Our project examines how management of the Covid-19 crisis affected residents of poorer urban neighbourhoods in India. Comparative research in Ahmedabad (Gujarat), Chennai (Tamil Nadu) and Trivandrum (Kerala), has investigated the experiences of residents, front-line staff and urban managers, combining this with secondary data explore the challenges cities these faced, and their reactions to these. Our findings demonstrate that this crisis could not be treated effectively through disease containment measures alone: community engagement and enhanced delivery of welfare support were vital components in ensuring grassroots compliance with public health measures.
Perumbakkam, Chennai (Tamil Nadu), a resettlement project in which local NGOs provided core relief services
VKP Nagar, Thiruvananthapuram (Kerala), a neighbourhood that organised its own community kitchen during the pandemic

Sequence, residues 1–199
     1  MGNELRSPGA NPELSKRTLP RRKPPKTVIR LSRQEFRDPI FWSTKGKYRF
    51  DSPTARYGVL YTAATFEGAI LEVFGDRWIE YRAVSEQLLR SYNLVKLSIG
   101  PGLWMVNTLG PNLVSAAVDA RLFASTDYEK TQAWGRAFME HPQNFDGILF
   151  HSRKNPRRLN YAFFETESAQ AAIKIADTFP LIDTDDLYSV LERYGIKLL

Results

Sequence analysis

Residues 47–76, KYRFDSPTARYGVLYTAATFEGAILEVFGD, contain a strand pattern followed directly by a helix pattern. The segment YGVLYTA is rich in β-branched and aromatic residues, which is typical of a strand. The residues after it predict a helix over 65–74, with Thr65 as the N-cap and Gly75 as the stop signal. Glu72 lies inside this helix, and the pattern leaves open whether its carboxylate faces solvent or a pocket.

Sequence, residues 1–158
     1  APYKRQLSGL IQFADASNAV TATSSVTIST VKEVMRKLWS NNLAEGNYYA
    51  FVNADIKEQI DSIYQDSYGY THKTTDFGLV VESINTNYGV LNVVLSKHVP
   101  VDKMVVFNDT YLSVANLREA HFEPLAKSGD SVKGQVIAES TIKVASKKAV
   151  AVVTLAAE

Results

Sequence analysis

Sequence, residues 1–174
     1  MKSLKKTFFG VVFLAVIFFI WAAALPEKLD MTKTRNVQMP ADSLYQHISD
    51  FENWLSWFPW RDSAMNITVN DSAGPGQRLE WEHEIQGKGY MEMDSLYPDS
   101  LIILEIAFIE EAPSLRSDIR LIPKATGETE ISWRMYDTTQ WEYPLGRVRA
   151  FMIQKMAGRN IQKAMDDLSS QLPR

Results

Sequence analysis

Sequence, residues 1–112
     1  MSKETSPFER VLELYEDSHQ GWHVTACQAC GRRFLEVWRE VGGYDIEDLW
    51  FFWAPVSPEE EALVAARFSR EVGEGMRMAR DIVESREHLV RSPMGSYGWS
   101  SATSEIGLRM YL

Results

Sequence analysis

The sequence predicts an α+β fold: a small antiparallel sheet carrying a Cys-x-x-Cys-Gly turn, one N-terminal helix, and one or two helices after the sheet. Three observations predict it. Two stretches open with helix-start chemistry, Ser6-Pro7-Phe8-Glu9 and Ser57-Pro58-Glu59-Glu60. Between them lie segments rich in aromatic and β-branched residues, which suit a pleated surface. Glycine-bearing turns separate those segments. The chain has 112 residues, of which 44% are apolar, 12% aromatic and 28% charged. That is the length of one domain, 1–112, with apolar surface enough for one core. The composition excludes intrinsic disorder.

Our research provides a case study of crisis management that will be useful to urban administrators and leaders planning for future pandemics or other acute threats. We argue that the city governments’ crisis responses were most effective where they combined the following: strong prior investment in frontline public services; universal prevention and support measures that anticipated the needs of marginalised communities; flexible use of existing government capacity and the willingness to expand this through a coordinated temporary/volunteer workforce; and establishing structures not only data gathering, but also for rapid reflection among multiple stakeholder groups at city- and neighbourhood level, allowing real-time fine-tuning of strategy in response to grassroots conditions.